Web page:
British Petroleum (BP) has made a gas discovery as part of the North Damietta Offshore Concession in Egypt’s Nile Delta, the third such discovery in two years in same block, the company announced on Sunday.
The Qattameya Shallow-1 exploration well was drilled to a depth of 1,961 metres in water depth of around 108 metres, the company said.
“This latest discovery confirms our belief that the Nile Delta is a world-class basin,” BP Chief Executive Bob Dudley said in a statement.
The well is 60 kilometres (37 miles) north of Damietta city in northern Egypt.
BP, which produces around 40 percent of Egypt’s total gas, has 100 percent equity in the discovery.
This discovery by BP comes nearly two years after another discovery in the same area estimated to exceed 5 trillion cubic feet (tcf).
In June 2016, BP and Italy’s Eni announced a “significant” gas discovery in the Baltim South West area estimated at 70-80 billion cubic metres of gas.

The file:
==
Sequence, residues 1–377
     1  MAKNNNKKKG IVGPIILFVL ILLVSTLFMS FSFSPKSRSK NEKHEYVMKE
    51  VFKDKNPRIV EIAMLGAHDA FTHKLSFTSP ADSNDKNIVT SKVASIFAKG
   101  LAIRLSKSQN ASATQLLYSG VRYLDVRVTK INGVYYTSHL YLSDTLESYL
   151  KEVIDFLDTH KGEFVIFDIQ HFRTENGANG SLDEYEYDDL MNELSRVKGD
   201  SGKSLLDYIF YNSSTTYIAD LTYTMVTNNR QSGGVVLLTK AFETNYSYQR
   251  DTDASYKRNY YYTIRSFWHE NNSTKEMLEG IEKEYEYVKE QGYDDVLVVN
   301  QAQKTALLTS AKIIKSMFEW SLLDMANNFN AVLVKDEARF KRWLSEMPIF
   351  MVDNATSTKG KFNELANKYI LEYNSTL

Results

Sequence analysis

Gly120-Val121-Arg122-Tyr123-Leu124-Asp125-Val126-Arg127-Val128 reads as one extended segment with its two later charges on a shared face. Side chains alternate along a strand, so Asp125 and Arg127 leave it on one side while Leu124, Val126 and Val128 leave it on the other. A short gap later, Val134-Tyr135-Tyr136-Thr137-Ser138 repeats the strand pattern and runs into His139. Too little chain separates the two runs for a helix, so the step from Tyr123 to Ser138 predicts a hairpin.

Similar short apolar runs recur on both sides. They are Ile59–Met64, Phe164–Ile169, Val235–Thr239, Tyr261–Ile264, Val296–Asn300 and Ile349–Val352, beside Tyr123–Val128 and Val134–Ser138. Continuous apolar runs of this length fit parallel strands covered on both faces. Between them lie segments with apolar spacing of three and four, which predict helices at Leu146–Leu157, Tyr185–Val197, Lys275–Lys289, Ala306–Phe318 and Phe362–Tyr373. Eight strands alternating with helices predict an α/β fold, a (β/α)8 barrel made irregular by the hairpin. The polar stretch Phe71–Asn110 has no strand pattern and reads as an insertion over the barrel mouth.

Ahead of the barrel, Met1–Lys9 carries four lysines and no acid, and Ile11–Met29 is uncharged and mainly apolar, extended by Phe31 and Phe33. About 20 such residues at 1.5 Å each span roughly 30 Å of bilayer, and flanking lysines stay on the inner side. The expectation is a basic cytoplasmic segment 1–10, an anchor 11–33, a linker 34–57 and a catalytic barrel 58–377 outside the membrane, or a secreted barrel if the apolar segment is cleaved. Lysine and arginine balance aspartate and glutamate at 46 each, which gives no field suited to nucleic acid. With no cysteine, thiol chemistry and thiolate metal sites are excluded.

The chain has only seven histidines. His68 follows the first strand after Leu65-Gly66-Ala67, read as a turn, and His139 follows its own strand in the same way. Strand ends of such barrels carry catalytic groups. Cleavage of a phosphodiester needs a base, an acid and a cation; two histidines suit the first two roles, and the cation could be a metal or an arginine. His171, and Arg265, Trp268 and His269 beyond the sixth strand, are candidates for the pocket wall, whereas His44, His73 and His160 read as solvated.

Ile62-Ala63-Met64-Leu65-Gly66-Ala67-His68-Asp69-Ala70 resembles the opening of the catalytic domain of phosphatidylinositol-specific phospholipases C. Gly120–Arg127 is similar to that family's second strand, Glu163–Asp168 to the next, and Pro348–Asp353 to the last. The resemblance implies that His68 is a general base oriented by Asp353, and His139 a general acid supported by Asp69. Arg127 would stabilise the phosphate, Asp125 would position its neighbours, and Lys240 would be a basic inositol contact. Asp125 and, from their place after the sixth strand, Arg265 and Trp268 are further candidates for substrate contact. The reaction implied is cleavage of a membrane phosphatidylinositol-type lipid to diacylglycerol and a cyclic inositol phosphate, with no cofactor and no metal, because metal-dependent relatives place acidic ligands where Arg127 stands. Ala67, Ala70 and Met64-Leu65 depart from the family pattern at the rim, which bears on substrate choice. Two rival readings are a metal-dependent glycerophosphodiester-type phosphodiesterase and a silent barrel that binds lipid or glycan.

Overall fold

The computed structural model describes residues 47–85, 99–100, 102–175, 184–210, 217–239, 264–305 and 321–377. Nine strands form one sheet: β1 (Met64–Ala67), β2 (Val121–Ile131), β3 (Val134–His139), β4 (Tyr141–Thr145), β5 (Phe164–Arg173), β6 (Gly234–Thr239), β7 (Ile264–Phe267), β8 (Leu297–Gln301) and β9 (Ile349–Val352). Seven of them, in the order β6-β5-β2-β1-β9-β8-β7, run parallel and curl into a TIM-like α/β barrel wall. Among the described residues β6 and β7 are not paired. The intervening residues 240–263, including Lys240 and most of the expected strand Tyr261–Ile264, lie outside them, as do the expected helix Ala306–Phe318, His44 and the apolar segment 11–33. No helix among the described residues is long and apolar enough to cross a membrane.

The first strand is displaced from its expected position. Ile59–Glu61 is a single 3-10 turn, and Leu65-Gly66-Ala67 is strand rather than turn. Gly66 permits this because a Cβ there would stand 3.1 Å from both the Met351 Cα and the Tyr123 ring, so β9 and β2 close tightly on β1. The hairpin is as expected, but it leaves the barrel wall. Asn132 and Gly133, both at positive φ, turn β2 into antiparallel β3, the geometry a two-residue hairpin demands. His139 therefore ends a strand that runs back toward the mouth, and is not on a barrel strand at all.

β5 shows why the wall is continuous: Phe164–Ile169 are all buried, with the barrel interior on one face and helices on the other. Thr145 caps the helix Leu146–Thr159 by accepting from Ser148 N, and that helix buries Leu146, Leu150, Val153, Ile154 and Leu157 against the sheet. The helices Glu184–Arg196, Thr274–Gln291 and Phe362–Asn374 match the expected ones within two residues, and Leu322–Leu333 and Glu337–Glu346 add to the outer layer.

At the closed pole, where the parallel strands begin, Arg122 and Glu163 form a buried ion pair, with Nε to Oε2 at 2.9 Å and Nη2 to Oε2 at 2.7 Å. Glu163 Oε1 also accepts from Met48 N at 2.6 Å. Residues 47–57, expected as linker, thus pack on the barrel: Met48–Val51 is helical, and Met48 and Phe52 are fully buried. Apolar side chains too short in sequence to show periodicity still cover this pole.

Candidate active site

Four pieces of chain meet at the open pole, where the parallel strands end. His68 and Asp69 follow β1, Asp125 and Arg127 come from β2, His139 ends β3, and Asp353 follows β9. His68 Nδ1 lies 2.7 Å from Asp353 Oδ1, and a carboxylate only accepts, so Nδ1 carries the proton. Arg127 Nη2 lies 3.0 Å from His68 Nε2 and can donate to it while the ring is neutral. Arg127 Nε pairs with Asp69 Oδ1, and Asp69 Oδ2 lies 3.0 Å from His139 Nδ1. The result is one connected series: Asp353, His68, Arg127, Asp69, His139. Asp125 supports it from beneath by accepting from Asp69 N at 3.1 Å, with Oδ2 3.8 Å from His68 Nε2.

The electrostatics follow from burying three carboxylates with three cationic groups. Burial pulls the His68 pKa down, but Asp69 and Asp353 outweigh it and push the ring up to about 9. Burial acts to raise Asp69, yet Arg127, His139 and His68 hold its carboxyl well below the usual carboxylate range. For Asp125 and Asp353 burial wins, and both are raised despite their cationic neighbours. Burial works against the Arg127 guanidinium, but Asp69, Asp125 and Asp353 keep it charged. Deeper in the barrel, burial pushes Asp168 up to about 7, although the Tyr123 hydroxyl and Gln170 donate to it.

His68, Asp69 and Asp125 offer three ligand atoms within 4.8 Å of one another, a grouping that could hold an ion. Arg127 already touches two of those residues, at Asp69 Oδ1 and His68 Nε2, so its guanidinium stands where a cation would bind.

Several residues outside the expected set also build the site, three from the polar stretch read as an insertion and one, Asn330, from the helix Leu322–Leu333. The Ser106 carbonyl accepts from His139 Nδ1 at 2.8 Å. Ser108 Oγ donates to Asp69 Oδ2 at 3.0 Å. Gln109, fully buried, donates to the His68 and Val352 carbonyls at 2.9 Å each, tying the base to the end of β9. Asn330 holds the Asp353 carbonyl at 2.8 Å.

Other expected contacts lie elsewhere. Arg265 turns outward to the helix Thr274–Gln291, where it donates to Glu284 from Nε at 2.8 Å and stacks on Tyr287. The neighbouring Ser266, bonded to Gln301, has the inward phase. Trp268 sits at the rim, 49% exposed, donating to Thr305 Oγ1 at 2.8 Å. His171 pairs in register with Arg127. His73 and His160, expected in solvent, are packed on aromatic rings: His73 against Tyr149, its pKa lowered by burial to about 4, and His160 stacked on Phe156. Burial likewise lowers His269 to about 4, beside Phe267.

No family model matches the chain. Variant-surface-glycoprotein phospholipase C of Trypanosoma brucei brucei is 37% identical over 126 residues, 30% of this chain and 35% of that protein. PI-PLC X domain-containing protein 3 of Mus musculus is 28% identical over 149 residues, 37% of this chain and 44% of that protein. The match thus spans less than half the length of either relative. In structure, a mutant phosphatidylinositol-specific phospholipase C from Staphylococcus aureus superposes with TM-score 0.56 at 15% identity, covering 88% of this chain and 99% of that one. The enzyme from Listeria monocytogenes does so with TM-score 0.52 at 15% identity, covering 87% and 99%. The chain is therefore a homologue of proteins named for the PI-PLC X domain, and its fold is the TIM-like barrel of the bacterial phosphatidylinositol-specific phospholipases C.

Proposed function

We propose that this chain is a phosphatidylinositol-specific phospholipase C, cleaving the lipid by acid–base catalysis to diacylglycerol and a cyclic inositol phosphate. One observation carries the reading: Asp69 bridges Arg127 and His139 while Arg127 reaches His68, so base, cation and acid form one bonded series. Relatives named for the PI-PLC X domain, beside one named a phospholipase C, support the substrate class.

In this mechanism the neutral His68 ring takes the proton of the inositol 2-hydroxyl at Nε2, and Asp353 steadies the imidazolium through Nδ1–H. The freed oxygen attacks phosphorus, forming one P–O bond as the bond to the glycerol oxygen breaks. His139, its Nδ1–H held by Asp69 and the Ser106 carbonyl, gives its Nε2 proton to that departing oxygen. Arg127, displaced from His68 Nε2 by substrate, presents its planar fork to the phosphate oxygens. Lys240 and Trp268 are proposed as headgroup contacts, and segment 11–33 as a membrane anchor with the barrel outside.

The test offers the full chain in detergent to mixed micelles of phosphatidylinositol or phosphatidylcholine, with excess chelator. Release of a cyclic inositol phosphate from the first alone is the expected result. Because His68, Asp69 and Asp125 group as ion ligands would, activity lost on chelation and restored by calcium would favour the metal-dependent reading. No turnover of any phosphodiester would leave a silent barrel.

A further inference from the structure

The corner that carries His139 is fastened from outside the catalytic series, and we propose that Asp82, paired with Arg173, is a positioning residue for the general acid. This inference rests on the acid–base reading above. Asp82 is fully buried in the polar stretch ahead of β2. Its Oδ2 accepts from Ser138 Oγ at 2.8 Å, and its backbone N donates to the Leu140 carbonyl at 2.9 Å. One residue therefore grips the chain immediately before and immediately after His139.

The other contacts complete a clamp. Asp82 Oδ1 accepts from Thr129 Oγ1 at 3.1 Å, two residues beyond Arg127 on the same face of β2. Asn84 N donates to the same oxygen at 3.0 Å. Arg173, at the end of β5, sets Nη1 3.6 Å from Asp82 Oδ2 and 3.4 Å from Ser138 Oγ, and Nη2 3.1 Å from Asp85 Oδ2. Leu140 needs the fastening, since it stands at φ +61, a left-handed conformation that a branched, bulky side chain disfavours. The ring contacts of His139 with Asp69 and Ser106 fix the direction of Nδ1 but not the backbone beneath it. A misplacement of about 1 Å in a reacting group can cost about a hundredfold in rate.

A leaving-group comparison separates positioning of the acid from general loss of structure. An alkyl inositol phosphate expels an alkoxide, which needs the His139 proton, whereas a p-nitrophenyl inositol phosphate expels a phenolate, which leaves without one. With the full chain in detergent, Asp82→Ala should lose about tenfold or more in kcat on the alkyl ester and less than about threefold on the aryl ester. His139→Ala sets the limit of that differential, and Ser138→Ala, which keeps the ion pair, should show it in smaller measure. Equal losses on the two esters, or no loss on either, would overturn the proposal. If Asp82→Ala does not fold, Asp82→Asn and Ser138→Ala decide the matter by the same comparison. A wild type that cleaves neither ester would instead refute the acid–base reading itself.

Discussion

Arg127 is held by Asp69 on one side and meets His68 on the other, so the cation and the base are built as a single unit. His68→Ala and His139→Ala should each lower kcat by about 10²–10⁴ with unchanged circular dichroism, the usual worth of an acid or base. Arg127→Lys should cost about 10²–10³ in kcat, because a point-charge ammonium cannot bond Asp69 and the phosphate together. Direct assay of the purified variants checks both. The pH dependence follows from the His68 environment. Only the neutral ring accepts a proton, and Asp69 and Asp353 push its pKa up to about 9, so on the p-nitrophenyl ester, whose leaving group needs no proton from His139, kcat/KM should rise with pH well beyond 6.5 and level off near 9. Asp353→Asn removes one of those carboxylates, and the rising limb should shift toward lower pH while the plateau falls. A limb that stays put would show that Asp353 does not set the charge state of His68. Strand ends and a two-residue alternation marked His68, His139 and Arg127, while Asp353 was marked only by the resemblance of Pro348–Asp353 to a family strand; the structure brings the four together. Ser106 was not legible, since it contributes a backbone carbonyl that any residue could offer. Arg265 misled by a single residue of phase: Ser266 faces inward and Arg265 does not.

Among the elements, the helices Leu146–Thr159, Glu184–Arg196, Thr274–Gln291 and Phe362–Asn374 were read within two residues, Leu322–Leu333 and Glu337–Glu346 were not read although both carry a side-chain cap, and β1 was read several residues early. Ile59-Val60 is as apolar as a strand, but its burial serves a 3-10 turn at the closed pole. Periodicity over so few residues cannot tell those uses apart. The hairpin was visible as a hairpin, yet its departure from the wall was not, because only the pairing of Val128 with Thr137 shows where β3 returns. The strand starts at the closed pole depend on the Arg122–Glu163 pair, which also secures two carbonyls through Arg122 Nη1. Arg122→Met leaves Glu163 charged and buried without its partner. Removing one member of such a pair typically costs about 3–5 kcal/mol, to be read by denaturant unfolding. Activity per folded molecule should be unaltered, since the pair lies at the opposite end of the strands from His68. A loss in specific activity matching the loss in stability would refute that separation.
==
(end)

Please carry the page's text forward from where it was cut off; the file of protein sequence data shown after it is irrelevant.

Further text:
BP has been aiming to increase investments in Egypt, with plans to invest some $13 billion in the country before 2020, according to a November 2016 press release by the UK embassy in Cairo.
In February, Egypt’s petroleum ministry, Italian company Eni and BP signed a deal in Cairo to complete the sale to BP of a 10 percent stake in the “super-giant” Zohr gas field in the Shorouk concession off Egypt’s Mediterranean shore.
Zohr, discovered by Eni in August 2015, is the largest gas field in the Mediterranean, estimated to contain 850 billion cubic metres of gas.
Egypt’s production of natural gas is currently estimated at around 4.4 billion cubic feet per day (bcfd), and is expected to increase by 1.5 bcfd by the end of 2017, according to a February statement by the petroleum ministry.